For many years, mining has been the mainstay of the South African economy and the industry continues to be a valuable contributor. In 2020, mining added 8.40%, or R371.90-billion in nominal terms, to gross domestic product (GDP). Mining also provides the single greatest part of South Africa’s export revenues and employs directly, and indirectly, more people than any other comparable sector. The industry in 2020 provided direct employment to more than 452 000 people, which is 4.70% of the total formal nonagricultural employment (Minerals Council, 2021a).

As a major exporter that competes with international players, South Africa must be competitive if it is to realise the true potential of its rich resource endowment. However, regulatory uncertainty, unreliable power supply, high electricity tariffs and rail and logistical shortcomings continue to negatively affect the sector, holding back investment and limiting its contribution to economic growth and development.

This report by the Inclusive Society Institute (ISI) is a summary of themes that emerged from virtual discussions, held in November 2021, with participants from the mining industry to gather their views on what South Africa must do to remove constraints to economic growth and development. The report also puts forward suggestions on what can be done to accelerate GDP growth.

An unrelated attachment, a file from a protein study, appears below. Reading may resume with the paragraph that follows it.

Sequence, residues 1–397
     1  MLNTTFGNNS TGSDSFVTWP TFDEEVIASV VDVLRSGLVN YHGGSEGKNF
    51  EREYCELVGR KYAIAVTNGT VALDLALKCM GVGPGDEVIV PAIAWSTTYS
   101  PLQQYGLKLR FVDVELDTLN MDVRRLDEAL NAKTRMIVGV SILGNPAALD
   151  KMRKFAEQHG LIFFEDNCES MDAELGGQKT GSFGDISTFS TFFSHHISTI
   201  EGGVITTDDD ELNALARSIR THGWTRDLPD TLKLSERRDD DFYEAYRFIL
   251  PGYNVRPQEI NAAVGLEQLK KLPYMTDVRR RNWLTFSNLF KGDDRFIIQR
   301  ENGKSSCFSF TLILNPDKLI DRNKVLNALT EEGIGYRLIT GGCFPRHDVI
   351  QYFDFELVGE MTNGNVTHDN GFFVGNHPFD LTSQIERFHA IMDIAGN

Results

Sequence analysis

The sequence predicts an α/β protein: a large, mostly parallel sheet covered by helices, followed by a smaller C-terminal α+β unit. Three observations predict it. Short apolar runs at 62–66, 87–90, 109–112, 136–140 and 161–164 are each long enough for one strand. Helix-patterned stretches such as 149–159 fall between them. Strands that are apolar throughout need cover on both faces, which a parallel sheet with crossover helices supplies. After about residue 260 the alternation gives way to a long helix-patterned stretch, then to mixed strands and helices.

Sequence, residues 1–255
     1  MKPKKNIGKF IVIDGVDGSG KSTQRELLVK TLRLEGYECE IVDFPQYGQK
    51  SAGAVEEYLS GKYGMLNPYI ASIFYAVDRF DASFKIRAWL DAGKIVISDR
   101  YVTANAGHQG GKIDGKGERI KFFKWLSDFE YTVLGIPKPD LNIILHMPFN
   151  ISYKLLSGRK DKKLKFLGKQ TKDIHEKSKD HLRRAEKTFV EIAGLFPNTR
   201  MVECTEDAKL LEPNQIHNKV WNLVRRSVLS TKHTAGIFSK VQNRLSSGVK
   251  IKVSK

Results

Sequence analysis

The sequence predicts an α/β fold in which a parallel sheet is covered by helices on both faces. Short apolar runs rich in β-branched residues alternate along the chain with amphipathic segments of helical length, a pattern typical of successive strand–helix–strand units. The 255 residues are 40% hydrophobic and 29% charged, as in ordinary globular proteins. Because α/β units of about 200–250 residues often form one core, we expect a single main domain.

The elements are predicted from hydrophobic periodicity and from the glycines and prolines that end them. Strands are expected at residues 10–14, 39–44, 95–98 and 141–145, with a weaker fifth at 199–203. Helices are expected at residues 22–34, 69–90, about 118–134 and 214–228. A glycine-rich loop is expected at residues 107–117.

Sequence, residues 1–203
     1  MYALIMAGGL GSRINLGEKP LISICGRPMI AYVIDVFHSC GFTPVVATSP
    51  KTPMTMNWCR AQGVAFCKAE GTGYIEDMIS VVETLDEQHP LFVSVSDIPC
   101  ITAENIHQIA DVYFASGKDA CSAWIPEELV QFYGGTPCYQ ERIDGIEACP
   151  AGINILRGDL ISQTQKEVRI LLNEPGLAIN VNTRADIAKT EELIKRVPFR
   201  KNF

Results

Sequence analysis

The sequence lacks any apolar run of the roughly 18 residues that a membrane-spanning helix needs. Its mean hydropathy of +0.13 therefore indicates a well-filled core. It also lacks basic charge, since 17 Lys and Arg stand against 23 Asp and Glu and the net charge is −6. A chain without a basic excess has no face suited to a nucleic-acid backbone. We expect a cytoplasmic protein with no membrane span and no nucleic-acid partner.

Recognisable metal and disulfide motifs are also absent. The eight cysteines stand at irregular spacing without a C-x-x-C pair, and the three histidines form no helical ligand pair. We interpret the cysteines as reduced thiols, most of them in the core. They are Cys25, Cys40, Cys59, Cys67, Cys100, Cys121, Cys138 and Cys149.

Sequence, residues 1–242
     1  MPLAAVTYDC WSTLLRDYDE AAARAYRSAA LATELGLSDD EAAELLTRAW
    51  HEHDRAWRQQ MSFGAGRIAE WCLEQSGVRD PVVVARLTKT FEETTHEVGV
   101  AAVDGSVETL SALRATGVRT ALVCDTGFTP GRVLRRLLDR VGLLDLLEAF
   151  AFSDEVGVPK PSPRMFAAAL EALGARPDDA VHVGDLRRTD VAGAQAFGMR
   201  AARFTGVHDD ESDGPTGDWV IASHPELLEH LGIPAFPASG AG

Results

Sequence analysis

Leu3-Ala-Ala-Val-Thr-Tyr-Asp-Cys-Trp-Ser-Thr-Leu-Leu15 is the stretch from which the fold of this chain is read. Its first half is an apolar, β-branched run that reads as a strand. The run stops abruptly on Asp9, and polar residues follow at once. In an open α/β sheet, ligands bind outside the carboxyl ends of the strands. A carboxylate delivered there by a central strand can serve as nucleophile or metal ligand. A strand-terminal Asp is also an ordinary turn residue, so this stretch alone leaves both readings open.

The report is one in a series of ISI reports, which forms part of a broader research project to develop a New Economic Blueprint for South Africa. Discussions were also held with other sectors, including finance, manufacturing, construction, information communication and technology, and retail to canvass their opinions as part of the broader research project.